Research Fellow in Macroecology
Program Director of Biology and Ecology curriculas (BSc+MSc)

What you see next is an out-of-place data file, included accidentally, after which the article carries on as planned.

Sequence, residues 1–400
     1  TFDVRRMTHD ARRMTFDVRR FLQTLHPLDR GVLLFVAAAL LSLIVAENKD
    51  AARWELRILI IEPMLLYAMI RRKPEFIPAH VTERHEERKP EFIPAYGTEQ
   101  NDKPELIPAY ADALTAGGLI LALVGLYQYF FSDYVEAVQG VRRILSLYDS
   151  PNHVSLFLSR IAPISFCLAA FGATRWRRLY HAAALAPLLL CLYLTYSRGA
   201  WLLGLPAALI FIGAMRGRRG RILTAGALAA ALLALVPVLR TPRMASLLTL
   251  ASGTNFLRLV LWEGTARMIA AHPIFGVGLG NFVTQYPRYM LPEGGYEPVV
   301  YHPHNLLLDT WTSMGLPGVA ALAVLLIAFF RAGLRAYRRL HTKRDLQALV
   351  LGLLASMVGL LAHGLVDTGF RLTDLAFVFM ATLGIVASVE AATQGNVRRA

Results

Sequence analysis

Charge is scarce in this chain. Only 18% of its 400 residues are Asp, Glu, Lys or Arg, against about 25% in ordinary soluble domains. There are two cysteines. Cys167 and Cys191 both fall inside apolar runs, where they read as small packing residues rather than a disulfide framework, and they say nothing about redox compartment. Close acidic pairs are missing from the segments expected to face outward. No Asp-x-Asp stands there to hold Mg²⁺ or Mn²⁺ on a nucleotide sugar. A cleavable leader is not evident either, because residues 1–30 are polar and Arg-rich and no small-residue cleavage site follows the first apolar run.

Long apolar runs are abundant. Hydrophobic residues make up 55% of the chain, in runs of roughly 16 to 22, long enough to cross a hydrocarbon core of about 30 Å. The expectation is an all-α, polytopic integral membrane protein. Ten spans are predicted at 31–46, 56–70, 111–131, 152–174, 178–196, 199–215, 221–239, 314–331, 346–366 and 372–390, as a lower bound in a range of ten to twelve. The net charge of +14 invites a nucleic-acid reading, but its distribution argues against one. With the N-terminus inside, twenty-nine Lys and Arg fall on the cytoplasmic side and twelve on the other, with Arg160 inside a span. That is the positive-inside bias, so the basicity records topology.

In my doctoral thesis, I estimated the extent to which poor dispersal ability of plants (low seed abundance and short dispersal distance) may cause species absences from suitable sites in Central and Northern Europe and within grassland ecosystems in the Baltic Sea Region. Additionally, I explored how the importance of dispersal limitation depends on local environmental conditions and human activities. The results showed that dark diversity species typically produced fewer seeds and dispersed shorter distances than observed species, indicating that poor dispersal abilities caused absences of many suitable species. The importance of dispersal limitation decreased with more stressful environments and with human activities. Overall, my thesis shows that species´ dispersal abilities largely determine completeness of plant communities. To increase biodiversity in agricultural landscapes, it is important to promote successful seed dispersal of native species between isolated grassland patches. This can be archived by increasing the area of grasslands and through moderate grassland management (e.g. grazing and mowing). My supervisor was professor Meelis Pärtel.